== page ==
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Note: Performing your original search, boundary layer with concentrate , in PubMed Central will retrieve 428 citations . Journal List > Proc Natl Acad Sci U S A > v.100(4); Feb 18, 2003 Abstract Full Text PDF (69K) Contents Archive Related material: PubMed articles by: Barenblatt, G. PubMed related arts Copyright © 2003, The National Academy of Sciences Applied Mathematics Transfer of a passive additive in a turbulent boundary layer at very large Reynolds numbers G. I. Barenblatt Department of Mathematics, University of California, and Lawrence Berkeley National Laboratory, Berkeley, CA 94720-3840 Contributed by G. I. Barenblatt Accepted December 5, 2002. Proc Natl Acad Sci U S A. 2003 February 18; 100(4): 1481–1483. Published online 2003 February 10. doi: 10.1073/pnas.0337426100. PMCID: PMC149856 TOP ABSTRACT We formulate the mass transfer problem for a passive additive in a turbulent boundary layer based on the recently proposed model of the turbulent boundary layer at very large Reynolds numbers. The solutions of three basic problems are obtained. These solutions are self-similar asymptotics describing the mass exchange at its initial stages. The solutions obtained can be used for the construction (in particular, the numerical construction) of the solution to the more general problems of passive admixture transfer in the developed turbulent wall-bounded shear flows. TOP ABSTRACT 1. INTRODUCTION Página 1 de 11 Transfer of a passive additive in a turbulent boundary layer at very large Reynolds numbers 02/07/2009 http://www.pubmedcentral.nih.gov/articlerender.fcgi?artid=149856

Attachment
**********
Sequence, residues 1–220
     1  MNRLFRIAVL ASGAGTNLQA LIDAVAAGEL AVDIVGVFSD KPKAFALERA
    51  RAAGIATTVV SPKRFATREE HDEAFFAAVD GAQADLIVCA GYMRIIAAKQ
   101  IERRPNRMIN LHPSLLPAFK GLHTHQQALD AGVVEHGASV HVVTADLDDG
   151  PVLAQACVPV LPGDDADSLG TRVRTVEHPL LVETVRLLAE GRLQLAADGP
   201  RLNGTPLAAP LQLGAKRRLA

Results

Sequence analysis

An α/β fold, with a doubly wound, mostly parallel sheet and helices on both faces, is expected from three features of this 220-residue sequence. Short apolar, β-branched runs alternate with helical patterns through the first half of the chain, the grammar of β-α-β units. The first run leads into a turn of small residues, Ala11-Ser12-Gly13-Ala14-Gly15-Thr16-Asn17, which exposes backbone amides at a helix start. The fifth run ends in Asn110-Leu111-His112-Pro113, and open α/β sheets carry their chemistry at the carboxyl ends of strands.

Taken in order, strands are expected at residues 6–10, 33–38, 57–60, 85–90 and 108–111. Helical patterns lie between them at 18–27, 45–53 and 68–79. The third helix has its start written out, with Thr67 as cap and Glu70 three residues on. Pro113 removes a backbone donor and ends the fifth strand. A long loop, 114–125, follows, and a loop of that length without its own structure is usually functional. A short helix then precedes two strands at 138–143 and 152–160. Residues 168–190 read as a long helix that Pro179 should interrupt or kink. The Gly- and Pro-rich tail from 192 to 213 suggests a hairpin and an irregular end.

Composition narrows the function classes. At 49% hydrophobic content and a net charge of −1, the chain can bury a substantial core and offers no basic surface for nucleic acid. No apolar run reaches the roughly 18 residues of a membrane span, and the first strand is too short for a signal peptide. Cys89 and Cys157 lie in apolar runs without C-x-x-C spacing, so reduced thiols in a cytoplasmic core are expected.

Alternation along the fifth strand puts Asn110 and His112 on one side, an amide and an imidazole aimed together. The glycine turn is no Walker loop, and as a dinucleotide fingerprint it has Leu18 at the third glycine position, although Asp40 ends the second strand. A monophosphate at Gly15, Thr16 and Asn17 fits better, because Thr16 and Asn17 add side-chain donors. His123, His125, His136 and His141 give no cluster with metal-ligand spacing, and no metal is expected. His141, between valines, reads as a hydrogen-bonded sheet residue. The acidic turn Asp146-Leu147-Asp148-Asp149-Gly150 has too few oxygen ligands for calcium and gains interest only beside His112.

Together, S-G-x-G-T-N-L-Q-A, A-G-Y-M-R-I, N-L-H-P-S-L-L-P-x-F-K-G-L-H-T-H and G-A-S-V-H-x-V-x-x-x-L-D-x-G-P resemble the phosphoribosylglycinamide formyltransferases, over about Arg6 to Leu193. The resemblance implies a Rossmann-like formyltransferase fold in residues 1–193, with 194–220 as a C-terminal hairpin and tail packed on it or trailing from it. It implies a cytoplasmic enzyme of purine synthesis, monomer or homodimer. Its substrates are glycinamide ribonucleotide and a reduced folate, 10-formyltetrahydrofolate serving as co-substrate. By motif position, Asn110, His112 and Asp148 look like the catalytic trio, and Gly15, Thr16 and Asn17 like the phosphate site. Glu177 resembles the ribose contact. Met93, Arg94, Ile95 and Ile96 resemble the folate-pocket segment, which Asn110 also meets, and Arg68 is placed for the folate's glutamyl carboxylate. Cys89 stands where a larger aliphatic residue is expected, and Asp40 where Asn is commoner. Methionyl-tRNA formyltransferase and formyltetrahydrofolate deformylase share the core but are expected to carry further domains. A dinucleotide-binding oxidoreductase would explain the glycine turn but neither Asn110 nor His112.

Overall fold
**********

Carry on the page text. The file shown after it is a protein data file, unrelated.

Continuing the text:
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1. INTRODUCTION 2. STEADY ADMIXTURE PROPAGATION FROM A CONCENTRATED SOURCE 3. UNSTEADY HOMOGENEOUS PROBLEMS 4. CONCLUSION REFERENCES In a sequence of works of our group (see refs. 1 5 ), a new model of a turbulent boundary layer at very large Reynolds numbers was constructed and confirmed by comparison with experiment. According to this model, and contrary to previous models ( 6 , 7 ), the mean velocity distribution u ( y ) in the basic intermediate layer between the viscous sublayer and the free stream is represented by two sharply separated scaling laws: Here x and y are the longitudinal (along the flow direction) and transverse Cartesian coordinates, u = ( τ / ρ ) 1/2 is the dynamic or friction velocity, τ is the shear stress, ρ is the fluid density, and ν is the kinematic viscosity of the fluid. Furthermore, c 1 ~ 50 and c 2 are constants, λ 0 = c 1 ν / u is the thickness of the viscous sublayer, λ = c 2 ν / u is the thickness of the first self-similar layer adjacent to the viscous sublayer, and δ is the boundary layer thickness. The Reynolds number Re is determined for boundary layer flows by a simple procedure described in refs. 1 and 2 . We emphasize that it is different from the Reynolds number Re θ based on the momentum thickness used traditionally in boundary layer theory. Note (ref. 2 ) that the second self-similar region adjacent to the free stream is revealed only if the free stream turbulence is low. On the other hand, the first self-similar region was revealed in all experiments performed during the last 40 plus years by various authors (see refs.
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